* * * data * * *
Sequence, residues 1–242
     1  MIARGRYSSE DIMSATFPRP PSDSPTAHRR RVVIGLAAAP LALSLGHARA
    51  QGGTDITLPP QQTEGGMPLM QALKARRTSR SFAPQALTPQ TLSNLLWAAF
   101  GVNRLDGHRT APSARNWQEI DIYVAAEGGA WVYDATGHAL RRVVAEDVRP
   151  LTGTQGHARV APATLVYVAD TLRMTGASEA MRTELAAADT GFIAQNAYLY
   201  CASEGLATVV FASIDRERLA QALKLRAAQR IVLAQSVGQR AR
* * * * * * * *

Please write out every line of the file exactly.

Sequence, residues 1–242
     1  MIARGRYSSE DIMSATFPRP PSDSPTAHRR RVVIGLAAAP LALSLGHARA
    51  QGGTDITLPP QQTEGGMPLM QALKARRTSR SFAPQALTPQ TLSNLLWAAF
   101  GVNRLDGHRT APSARNWQEI DIYVAAEGGA WVYDATGHAL RRVVAEDVRP
   151  LTGTQGHARV APATLVYVAD TLRMTGASEA MRTELAAADT GFIAQNAYLY
   201  CASEGLATVV FASIDRERLA QALKLRAAQR IVLAQSVGQR AR